1 Fort Lauderdale
News & Reviews
Leandro Travieso’s life will change on Sept. 12.
That’s when the 25-year-old Hialeah Cuban American will start a 4,200-mile trip to exotic Morocco, where he will join another 160 Peace Corps volunteers assigned to the North African country.
Travieso will live there more than two years, first undergoing specialized training and then teaching young Moroccans English and the importance of being active citizens of their country. He will also participate in community projects to improve living conditions in his assigned area.
“Now I have the opportunity to travel abroad as an American and make a difference in another country,” said Travieso, adding that he was motivated by the courage of parents who left Cuba for the United States without knowing the language or culture.
During his first three months as a volunteer, Travieso will live with a Moroccan family that will help him adapt to the culture and learn the language, Maghrebi Arabic, also known as Dariya.
Travieso has started studying Arabic on his own, tackling the alphabet and some common phrases.
But he’s also been preparing for the adventure in other ways, trying to pack for any future needs. His priority list includes not only indispensable items but anything that would make him feel “close to home” even if he’s thousands of miles away.
Among the items he’s been gathering is the kind of music he would find on Miami radio stations, a couple of books and of course a stash of Goya Sazón to give his meals a taste of home.
Travieso said the seasoning made him feel better when he spent 2016 in Washington D.C. as a volunteer for AmeriCorps, a government program for volunteers who help U.S. communities with education, health care, security and other areas.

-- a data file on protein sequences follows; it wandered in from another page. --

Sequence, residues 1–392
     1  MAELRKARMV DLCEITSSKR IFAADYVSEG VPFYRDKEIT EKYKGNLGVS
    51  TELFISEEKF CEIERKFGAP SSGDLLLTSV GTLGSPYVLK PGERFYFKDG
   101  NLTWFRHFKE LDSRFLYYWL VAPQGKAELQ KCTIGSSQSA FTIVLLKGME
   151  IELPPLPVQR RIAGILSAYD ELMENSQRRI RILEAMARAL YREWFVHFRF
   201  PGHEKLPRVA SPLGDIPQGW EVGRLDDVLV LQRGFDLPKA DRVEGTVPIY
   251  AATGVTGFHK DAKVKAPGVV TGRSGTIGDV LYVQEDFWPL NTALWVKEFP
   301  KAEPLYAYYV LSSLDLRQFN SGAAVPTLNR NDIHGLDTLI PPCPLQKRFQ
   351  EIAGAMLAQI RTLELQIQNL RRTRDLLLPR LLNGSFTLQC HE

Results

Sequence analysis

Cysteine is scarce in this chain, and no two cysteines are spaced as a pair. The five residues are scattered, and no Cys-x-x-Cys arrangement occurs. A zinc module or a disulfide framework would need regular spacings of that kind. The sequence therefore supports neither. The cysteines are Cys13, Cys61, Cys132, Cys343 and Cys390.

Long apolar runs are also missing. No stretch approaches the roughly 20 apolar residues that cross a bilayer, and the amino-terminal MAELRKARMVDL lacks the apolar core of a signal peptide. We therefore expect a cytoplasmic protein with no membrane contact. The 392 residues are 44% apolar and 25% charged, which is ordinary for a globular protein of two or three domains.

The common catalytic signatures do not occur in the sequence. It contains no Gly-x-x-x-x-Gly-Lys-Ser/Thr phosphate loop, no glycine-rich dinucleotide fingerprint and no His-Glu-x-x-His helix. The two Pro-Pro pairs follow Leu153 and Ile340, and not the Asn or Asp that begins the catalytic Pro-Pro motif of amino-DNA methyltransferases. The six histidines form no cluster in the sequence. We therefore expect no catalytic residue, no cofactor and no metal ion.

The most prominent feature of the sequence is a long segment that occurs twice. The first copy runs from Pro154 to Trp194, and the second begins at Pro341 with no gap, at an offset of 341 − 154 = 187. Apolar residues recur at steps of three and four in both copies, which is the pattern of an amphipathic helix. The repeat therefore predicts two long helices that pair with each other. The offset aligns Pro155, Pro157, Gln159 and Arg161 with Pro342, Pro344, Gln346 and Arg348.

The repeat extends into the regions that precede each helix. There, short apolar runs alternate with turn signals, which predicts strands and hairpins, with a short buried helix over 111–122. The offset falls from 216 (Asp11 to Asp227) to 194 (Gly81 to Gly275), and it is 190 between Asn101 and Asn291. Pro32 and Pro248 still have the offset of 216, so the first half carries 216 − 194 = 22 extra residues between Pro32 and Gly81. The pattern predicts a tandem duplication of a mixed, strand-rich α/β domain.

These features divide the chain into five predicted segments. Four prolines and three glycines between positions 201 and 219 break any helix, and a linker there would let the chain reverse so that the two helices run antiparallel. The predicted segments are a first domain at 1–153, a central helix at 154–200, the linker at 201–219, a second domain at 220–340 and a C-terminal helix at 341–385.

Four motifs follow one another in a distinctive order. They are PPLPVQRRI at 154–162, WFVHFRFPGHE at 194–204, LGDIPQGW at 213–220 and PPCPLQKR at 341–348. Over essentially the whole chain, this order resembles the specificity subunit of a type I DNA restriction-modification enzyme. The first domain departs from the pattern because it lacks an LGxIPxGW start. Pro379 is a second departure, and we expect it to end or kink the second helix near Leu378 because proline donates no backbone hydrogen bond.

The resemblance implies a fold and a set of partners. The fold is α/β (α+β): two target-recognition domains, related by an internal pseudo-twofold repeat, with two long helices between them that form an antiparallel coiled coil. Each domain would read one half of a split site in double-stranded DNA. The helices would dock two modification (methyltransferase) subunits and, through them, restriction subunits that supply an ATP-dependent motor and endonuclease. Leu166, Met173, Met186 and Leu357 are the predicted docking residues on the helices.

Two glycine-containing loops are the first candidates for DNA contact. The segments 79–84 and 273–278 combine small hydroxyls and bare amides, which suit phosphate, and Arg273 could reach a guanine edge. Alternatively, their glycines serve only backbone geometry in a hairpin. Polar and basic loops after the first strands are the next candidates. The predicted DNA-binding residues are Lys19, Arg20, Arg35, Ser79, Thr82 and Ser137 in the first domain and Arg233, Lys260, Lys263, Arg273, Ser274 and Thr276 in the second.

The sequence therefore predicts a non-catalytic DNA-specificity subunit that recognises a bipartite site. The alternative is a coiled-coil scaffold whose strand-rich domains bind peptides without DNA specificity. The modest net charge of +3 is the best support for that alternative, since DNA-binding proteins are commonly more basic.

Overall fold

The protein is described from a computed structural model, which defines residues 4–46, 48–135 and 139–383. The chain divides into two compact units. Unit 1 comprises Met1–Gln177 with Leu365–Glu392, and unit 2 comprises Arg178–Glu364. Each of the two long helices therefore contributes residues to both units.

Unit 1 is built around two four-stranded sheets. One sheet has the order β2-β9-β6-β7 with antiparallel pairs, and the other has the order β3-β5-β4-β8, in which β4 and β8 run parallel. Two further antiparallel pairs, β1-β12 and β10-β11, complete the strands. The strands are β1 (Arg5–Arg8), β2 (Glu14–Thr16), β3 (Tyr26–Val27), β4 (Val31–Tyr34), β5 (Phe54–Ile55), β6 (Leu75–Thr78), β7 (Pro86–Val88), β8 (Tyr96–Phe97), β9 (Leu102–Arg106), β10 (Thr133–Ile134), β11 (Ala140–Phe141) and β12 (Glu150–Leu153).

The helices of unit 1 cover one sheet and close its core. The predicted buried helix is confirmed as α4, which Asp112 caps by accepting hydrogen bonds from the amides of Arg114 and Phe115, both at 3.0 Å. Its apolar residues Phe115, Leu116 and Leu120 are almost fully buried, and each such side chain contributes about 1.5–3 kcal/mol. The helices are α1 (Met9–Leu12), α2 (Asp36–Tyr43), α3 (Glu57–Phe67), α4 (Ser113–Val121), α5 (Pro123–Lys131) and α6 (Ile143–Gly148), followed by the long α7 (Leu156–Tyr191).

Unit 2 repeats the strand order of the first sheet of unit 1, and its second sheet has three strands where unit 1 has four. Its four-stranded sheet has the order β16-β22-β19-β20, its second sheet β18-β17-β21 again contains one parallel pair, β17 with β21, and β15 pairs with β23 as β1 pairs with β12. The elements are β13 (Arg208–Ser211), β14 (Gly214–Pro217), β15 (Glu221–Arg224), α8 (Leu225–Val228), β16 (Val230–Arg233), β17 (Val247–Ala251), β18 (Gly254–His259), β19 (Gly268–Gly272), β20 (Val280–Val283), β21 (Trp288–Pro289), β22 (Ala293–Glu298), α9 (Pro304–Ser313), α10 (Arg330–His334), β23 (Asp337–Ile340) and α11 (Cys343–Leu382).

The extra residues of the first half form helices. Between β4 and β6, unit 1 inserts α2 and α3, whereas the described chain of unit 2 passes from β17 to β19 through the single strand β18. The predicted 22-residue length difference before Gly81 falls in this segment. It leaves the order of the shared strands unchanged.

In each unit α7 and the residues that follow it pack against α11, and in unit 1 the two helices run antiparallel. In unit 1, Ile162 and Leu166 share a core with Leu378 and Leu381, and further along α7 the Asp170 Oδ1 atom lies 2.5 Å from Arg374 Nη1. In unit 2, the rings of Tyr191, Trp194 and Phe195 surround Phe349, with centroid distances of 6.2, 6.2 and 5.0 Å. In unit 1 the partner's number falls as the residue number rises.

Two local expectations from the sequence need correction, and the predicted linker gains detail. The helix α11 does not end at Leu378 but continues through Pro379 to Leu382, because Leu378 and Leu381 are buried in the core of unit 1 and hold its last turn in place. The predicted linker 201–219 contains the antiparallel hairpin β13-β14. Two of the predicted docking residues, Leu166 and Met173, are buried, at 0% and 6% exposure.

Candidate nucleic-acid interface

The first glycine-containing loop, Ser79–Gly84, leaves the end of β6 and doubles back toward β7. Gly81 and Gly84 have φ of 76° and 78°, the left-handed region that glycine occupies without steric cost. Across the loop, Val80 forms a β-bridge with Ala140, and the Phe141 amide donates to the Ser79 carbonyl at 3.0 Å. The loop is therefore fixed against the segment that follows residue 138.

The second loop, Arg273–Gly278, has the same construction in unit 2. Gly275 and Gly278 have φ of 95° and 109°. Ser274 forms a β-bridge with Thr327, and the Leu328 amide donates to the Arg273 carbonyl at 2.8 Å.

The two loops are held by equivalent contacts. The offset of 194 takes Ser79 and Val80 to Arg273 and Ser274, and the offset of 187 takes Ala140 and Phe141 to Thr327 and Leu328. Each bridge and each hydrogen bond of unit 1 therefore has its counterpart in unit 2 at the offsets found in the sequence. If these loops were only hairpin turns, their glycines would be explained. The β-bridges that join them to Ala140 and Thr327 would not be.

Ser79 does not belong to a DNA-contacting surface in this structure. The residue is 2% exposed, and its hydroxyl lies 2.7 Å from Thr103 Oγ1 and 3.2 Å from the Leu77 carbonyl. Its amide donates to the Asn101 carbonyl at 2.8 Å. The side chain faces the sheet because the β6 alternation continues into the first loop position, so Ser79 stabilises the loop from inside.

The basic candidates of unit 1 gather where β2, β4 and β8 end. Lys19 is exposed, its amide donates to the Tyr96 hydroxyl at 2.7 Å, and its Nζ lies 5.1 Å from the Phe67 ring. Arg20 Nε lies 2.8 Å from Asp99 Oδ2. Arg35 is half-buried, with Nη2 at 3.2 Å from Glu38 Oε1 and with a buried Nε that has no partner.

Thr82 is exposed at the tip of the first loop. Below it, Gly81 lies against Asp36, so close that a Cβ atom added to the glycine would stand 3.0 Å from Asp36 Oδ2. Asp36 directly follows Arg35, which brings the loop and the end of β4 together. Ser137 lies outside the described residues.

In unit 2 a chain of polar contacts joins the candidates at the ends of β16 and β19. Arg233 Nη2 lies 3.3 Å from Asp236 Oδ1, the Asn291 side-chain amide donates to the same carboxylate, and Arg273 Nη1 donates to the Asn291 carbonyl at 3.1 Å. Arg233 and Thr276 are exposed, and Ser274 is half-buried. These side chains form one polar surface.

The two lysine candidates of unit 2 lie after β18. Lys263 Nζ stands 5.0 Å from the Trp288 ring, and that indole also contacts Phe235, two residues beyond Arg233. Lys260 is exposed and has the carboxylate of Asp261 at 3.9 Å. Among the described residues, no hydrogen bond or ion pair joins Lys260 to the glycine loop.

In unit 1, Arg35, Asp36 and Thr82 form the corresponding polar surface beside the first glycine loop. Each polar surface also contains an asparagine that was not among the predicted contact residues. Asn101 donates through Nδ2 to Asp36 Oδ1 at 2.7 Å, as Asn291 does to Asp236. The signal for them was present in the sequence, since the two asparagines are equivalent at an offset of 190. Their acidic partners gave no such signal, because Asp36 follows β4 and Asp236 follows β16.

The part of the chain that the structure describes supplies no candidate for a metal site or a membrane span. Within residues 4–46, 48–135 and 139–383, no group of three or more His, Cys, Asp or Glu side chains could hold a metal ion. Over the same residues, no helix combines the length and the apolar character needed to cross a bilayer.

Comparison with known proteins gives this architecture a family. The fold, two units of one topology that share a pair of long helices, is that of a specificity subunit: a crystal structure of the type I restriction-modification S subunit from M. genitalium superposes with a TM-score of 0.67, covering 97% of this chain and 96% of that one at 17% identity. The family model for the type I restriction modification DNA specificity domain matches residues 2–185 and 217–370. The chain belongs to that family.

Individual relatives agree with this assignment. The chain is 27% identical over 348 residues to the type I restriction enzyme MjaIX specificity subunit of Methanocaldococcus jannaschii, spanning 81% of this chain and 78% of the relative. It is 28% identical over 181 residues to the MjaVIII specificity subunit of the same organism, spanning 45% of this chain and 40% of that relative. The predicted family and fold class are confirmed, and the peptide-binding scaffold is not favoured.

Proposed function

He joined the Peace Corps at the end of that year. “I liked the idea of service, of helping people who don’t have the same resources that we may have,” he said.
Travieso said he’s also eager to travel abroad for the first time since he came to the United States on Jan. 14, 2004. He visited Cuba in 2011 with this father, he said, “but going back to the country where you were born cannot count as a new experience.”
That search for something new and different was part of what motivated him to choose Morocco. “Doing it in Latin America would be like doing it in Miami. I want a challenge,” Travieso said, adding that he always wanted to visit a Muslim country.
Travieso came to the United States with his parents and a younger sister after they received visas under the Special Program for Cuban Migration, popularly known as the lottery.
He graduated from Hialeah-Miami Lakes Senior High, became a U.S. citizen in 2014 and a year later graduated from Florida International University with a degree in international and Asian studies.
Travieso said he may return to university for a masters’ or doctorate after his stint in the Peace Corps. But for now he’s focused on the next two years.
His message to the Moroccans he will meet, he said, is that the United States “is not the country in the movies. It’s several cultures that live together.”
More than 8,000 Floridians have served in the Peace Corps since 1961, and 313 are currently volunteering around the world.